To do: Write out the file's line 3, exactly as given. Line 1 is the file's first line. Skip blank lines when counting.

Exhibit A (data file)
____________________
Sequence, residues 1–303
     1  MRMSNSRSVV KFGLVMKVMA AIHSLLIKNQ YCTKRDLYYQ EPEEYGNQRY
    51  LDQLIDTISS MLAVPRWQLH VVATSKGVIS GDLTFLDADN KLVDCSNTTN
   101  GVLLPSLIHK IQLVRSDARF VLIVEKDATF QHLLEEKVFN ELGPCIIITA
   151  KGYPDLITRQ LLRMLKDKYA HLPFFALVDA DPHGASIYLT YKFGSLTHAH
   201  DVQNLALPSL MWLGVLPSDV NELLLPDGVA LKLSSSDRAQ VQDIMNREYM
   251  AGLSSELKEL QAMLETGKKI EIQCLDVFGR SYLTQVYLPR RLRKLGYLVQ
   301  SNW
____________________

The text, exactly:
    51  LDQLIDTISS MLAVPRWQLH VVATSKGVIS GDLTFLDADN KLVDCSNTTN